The pound rose to a two-week high against the euro as European leaders clashed on banking plans and a report showed German business confidence declined, boosting demand for the relative safety of the U.K. currency.
U.K. government bonds gained after German Chancellor Angela Merkel and French President Francois Hollande disagreed at a meeting on the weekend on a timetable to introduce joint oversight of the region’s banks. Sterling fell versus the dollar before a government report this week forecast to confirm that Britain’s gross domestic product shrank in the second quarter.
While “the U.K. economy has clear problems ahead of it, sterling still naturally reacts as a safe haven” from the euro region, said Simon Derrick, chief currency strategist at Bank of New York Mellon Corp. (BK) in London. “The move to a swift resolution of the euro-zone crisis isn’t taking place and from that perspective it is fairly clear to me that you’re going to see sterling continue to benefit against the euro.”
The pound advanced 0.4 percent to 79.68 pence per euro as of 5 p.m. London time after climbing to 79.55 pence, the strongest level since Sept. 7. The U.K. currency weakened 0.2 percent to $1.6198.
Sterling will appreciate through 78 pence per euro by year- end, a level last seen on July 31, Derrick said. The median of 40 estimates in a Bloomberg survey is for the pound to advance to 79 pence.
Merkel and Hollande, meeting on Sept. 22 to mark Franco- German reconciliation after World War II, failed to mask their differences on a planned banking union meant to contain the debt crisis. “The earlier, the better,” Hollande told reporters near Ludwigsburg, Germany. Merkel said there’s no point doing something fast if it then doesn’t work.
The Ifo Institute in Munich said its business climate index dropped for a fifth month, to 101.4 for September from 102.3 in August. That’s the lowest reading since February 2010.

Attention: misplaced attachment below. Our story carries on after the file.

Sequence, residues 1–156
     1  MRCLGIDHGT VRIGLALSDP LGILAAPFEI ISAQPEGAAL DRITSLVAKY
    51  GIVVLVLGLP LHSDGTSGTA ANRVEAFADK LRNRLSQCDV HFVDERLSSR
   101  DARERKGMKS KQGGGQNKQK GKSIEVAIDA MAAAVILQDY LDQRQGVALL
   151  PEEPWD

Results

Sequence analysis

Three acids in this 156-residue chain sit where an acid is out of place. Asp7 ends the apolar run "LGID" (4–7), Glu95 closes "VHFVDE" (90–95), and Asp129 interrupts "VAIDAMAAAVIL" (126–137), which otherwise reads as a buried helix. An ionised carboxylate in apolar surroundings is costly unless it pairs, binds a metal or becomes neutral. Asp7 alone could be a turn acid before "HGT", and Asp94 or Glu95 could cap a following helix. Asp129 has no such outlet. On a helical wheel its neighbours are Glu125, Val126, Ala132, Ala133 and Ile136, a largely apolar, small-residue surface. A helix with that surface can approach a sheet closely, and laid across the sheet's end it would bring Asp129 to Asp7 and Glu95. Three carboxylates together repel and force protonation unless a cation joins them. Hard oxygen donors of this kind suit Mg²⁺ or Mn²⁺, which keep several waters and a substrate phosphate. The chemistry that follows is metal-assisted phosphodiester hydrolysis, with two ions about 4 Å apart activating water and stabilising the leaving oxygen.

Sterling was also supported against the euro as Greece and the representatives of the country’s international lenders agreed to take a week-long break from inconclusive talks to craft an 11.5 billion-euro ($14.8 billion) budget-cut package that’s key to receiving aid funds.
The pound has strengthened 2 percent this year, according to Bloomberg Correlation-Weighted Indexes, which track 10 developed-market currencies. The euro tumbled 3 percent and the dollar weakened 2.6 percent.
The U.K. economy shrank 0.5 percent in the three months ended June 30, the Office for National Statistics will say on Sept. 27, according to a Bloomberg News survey. That would match the initial estimate released Aug. 24.
The pound earlier dropped to $1.6182, below its 10-day moving average for the first time since Sept. 5.
The 10-year gilt yield fell two basis points, or 0.02 percentage point, to 1.81 percent after dropping 13 basis points last week. The 1.75 percent bond due in September 2022 gained 0.185, or 1.85 pounds per 1,000-pound face amount, to 99.42.
Gilts returned 2.4 percent this year through Sept. 21, according to indexes compiled by Bloomberg and the European Federation of Financial Analysts Societies. German bunds also gained 2.4 percent and U.S. Treasuries rose 1.7 percent.
The U.K. five-year break-even rate, a gauge of investor expectations for the annual rate of inflation, dropped five basis points to 2.22 percentage points. U.K. index-linked securities have made a 3.5 percent loss this year, according to indexes compiled by Bank of America Merrill Lynch.
To contact the reporter on this story: Lucy Meakin in London at email@example.com.